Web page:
It is just as frustrating for a child who works to be organized but struggles to grasp the content being taught within a class. First, it is important to make sure the child is appropriately placed. This generation saw a rush to place kids into full day school at very young ages, especially if the child was a particularly precocious 4 year old. We often see students struggle in their middle school years if they are much younger than their peers. A huge amount of brain development and maturing occurs during puberty. It can take a while for very young students to catch up. If you have a young student, please keep this in mind and avoid comparisons between friends and siblings. A ten year old 6th grader will usually require a greater level of parent support than a twelve year old 6th grader.
I also hear from kids who complain that they get home and can’t remember how to do the work that has been assigned. Often parent help is not available due to schedules or subject level (I say that kindly, I can’t do Algebra either!). In these instances we want to engage the teacher and find out about the child’s classroom behaviors - are they socially distracted? Taking notes? Sleepy first thing in the morning? Comfortable asking questions? Once we can narrow down a disconnect, it can be easier to address.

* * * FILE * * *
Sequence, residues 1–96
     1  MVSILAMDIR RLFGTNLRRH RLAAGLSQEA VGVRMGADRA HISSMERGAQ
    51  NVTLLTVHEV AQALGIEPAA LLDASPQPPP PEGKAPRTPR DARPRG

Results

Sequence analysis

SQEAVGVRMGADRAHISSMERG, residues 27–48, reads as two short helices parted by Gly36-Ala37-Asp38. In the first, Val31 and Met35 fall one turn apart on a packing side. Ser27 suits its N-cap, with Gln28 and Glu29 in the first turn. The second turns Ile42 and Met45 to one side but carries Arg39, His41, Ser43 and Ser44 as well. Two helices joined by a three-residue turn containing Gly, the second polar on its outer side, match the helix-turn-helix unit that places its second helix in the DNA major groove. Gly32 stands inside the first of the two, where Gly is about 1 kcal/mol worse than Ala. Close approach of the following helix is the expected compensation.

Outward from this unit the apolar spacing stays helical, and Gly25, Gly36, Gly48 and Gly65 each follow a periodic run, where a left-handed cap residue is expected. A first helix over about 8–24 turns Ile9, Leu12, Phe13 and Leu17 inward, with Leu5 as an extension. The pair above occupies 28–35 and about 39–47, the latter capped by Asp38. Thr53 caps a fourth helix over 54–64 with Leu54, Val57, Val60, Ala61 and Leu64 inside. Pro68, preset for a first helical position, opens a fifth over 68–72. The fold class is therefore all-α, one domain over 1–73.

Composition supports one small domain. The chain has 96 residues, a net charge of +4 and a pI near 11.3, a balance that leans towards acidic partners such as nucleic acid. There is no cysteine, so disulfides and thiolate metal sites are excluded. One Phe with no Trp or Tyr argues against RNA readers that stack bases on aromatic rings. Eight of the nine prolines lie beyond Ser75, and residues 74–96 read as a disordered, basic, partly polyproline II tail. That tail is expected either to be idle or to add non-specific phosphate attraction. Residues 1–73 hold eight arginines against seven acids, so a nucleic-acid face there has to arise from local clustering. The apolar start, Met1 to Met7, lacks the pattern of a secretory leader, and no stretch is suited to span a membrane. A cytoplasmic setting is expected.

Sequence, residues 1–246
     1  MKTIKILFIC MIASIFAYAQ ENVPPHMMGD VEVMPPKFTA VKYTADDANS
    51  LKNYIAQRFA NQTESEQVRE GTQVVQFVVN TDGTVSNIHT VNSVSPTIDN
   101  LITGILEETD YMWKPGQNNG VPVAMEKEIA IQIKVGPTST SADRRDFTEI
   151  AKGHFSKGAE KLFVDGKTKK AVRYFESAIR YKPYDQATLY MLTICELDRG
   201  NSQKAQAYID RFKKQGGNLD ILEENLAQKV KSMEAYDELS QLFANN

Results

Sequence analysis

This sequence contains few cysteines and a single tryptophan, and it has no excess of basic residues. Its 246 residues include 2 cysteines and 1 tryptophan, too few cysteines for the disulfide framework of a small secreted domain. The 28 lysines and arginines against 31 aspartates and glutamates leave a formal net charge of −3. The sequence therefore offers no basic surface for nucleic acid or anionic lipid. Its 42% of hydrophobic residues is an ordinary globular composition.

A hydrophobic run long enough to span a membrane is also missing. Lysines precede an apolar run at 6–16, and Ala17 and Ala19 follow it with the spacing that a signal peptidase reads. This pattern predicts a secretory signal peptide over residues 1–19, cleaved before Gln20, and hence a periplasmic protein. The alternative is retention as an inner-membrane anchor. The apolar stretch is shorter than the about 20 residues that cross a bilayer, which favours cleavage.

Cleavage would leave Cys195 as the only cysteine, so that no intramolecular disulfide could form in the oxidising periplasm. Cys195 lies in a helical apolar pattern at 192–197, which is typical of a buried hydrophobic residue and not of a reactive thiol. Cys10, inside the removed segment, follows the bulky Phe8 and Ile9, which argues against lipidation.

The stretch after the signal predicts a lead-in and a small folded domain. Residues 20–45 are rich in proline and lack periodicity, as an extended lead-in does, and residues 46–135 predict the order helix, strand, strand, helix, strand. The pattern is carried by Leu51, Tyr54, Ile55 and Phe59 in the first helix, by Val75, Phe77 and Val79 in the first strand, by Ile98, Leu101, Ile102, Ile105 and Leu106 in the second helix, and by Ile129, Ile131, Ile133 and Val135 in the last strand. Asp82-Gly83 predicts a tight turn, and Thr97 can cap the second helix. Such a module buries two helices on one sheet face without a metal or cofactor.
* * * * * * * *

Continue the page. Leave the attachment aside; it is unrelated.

When I was still teaching, I had a student we were considering for a possible math disability. I rearranged the order of my day at semester and discovered he could do math in the morning just fine, but now his writing was impaired. He was consistently failing whatever class was offered right after lunch. With further discussion, we found that he didn’t have a learning disability but an intolerance to lactose that had not been diagnosed. He was eating cheese and yogurt every day and his discomfort caused him to miss the entire lesson.